The day after the Buffalo Bills' season ended with a loss to the Chiefs in the AFC Championship Game, cornerback Tre'Davious White was asked about defensive coordinator Leslie Frazier and the potential of his becoming the Houston Texans' next head coach. White smiled for a second, while rubbing his beard, before confessing emphatically, "I don't like that idea at all."
Of course, White said it for selfish reasons. He wants Frazier to remain in Buffalo and continue to be the point man for that defense. While talking with members of Frazier's defense in recent weeks, it appeared that White's sentiment around -- and feelings for -- the 61-year-old are universally shared.
"He's just a leader," safety Jordan Poyer told me. "He wants the best for his players."
"He's just great all around," said linebacker Matt Milano. "You can tell he really cares about his players. That's the one thing I've noticed playing for him for four years. He's on your side. He's not against you. He's not looking to hurt you. He wants the best out of everybody, and puts you in position to do that."
"He's a great person, great coach, but an even better person," said linebacker Tremaine Edmunds. "I think that's the biggest thing: earning that respect from your players. (Like I said,) everybody respects Coach Frazier here."
Since arriving in Buffalo in 2017, Frazier's Bills defense ranks second in opponent's passer rating and passing yards allowed, fifth in total yards allowed and takeaways and sixth in points allowed. That looks pretty good on a resume that already includes one previous stint as a head coach (with the Minnesota Vikings from 2010 to '13) and multiple stops as a defensive coordinator. In 15 seasons as either a head coach or coordinator, Frazier's defenses have ranked in the top 20 10 times, including six times in the top 10.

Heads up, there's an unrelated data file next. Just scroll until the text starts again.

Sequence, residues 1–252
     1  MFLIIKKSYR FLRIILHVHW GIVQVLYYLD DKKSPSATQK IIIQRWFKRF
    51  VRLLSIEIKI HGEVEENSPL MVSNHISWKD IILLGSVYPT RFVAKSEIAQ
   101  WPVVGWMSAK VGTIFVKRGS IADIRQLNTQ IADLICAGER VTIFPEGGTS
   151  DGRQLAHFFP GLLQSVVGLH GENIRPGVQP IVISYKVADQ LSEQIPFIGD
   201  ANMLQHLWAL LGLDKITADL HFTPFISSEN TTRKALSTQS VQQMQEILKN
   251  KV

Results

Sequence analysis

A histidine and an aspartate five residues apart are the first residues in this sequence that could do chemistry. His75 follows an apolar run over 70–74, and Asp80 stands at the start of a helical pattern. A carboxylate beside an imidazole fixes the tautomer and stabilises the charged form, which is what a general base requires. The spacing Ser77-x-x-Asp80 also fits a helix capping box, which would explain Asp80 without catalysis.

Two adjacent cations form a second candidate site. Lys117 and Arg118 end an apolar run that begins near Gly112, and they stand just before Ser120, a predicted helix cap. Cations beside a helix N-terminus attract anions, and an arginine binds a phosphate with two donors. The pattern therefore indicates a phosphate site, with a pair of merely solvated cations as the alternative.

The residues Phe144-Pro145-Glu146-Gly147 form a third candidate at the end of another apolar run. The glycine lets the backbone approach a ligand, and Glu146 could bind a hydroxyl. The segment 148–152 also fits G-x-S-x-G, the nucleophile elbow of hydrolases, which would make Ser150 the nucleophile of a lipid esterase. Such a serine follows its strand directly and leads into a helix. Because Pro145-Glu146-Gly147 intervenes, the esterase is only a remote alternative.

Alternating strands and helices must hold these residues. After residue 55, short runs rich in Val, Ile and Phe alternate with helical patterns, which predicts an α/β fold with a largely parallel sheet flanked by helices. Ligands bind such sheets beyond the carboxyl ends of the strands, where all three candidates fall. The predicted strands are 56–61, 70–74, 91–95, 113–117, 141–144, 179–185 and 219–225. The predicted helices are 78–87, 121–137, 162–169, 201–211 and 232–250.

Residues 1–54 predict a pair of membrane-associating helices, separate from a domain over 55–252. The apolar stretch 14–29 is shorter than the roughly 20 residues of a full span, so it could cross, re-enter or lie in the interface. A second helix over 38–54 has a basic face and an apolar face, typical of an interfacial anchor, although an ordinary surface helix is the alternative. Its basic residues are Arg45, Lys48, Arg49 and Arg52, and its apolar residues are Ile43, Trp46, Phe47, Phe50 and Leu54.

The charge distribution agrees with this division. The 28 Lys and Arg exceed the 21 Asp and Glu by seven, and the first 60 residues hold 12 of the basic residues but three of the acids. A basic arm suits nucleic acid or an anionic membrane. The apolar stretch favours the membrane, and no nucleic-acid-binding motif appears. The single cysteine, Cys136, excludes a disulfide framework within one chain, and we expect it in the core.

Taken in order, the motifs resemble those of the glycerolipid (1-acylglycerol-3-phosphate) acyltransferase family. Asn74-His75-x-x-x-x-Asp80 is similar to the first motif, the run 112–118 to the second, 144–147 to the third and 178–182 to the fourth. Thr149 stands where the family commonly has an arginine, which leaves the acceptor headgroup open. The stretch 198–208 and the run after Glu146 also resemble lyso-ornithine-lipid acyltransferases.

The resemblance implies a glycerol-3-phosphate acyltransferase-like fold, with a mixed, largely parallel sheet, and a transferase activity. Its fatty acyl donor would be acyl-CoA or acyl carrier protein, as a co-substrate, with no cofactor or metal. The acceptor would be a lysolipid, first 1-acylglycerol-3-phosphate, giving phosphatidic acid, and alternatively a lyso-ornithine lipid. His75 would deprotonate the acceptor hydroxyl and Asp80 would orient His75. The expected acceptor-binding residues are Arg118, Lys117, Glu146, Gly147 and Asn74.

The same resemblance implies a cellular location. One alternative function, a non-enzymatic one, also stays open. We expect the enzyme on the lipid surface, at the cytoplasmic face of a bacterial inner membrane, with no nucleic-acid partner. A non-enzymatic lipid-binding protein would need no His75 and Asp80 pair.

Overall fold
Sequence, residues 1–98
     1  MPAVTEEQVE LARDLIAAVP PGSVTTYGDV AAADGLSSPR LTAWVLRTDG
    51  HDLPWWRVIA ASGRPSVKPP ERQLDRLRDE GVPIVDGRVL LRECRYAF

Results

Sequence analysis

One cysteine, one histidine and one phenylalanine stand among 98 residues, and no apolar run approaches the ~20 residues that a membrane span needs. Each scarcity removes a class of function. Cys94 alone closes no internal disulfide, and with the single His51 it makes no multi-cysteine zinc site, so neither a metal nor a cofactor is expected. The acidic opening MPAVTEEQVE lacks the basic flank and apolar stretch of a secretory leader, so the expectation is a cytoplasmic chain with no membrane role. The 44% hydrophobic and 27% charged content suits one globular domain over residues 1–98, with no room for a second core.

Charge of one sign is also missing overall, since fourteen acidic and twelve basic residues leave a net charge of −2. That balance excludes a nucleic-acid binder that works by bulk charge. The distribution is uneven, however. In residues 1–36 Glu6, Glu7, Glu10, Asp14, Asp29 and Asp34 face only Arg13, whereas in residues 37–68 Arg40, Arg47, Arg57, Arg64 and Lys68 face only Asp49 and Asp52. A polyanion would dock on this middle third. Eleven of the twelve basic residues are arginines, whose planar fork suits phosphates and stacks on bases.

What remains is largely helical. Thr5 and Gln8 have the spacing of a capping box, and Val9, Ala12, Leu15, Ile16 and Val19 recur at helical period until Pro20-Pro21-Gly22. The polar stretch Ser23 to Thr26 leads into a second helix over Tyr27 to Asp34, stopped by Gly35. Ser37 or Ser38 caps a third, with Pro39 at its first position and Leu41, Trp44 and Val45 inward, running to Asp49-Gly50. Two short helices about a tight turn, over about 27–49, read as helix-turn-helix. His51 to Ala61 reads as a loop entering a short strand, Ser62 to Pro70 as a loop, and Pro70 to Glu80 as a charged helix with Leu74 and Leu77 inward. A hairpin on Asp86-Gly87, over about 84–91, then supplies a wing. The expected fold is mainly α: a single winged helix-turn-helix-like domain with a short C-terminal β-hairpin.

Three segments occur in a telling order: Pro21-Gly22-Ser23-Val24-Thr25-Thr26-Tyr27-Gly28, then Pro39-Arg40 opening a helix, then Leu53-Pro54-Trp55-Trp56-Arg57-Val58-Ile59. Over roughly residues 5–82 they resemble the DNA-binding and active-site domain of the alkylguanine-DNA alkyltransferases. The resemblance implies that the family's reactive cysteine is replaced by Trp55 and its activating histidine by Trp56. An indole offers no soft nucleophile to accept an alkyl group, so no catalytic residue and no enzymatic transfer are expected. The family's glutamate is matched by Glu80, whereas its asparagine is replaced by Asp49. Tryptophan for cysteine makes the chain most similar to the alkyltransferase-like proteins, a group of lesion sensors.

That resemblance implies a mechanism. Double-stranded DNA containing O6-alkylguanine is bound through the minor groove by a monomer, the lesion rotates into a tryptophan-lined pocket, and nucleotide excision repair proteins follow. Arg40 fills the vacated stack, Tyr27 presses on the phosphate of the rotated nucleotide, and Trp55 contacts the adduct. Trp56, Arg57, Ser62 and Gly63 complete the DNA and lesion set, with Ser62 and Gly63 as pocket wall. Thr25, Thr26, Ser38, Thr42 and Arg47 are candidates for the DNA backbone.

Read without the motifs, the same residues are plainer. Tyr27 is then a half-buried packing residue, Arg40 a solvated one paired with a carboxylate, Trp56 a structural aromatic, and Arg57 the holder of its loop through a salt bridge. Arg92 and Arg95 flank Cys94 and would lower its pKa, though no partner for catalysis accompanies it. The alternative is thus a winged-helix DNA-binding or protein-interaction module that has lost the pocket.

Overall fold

What's unique about the soft-spoken Frazier is how he gets his point across. In fact, I openly wondered if he ever yells at his players.
"Yeah, yeah, he does," laughed Poyer, before clarifying. "It's not like yelling at you but telling you to get his point across, or getting attention. That's a good question."
Has he ever yelled at you, Matt Milano?
"A couple of times," he said. "I wouldn't consider it yelling. But his voice definitely does change when he's a little angry."
"He's just great all around. You can tell he really cares about his players. That's the one thing I've noticed playing for him for four years." Bills linebacker Matt Milano
"He has a way of yelling, you know what I mean?" said Edmunds. "He gets his point across without raising his voice too much, but at the same time, you know exactly what he's meaning when he's saying it, what the tone is in his voice."
Perhaps that's the former player in Frazier. He spent five years with the Chicago Bears, from 1981 to '85, actually leading that historic '85 defense in interceptions with six before blowing out his knee in a lopsided win over the Patriots in Super Bowl XX. Frazier never returned to play again, speeding his transition into the coaching ranks.
"He's the type of guy that never gets too high, never gets too low," said safety Micah Hyde. "I think him being a former player, I think, plays a part in that, because as a player, you can't be up and down. With myself, like I can't, if I have a good game, I can't get too high. If I have a bad game, I can't get too low. You have to stay in the middle, because that's how you continue to get better. And I think that's how Fraze is."
"He puts confidence in guys," added Poyer, who, like White, Hyde and Milano, joined Buffalo the same year Frazier did (Edmunds arrived in 2018). "He'll tell you if you're not doing something right, and he'll credit you for doing the right job. He's a coach that helped me excel throughout my career -- my four years here -- I learned a lot about the game through Fraze."
So we know Frazier can teach. We know players relate to him and he relates to the players. Can he lead?
I'll let Milano handle this.
"He stays calm. That's one thing I've noticed. When things get a little rough on the sideline, he's the one that's being calm, making adjustments and getting us in the right positions."
And that, in turn, gives the players confidence.
"Absolutely. Calm breeds calm."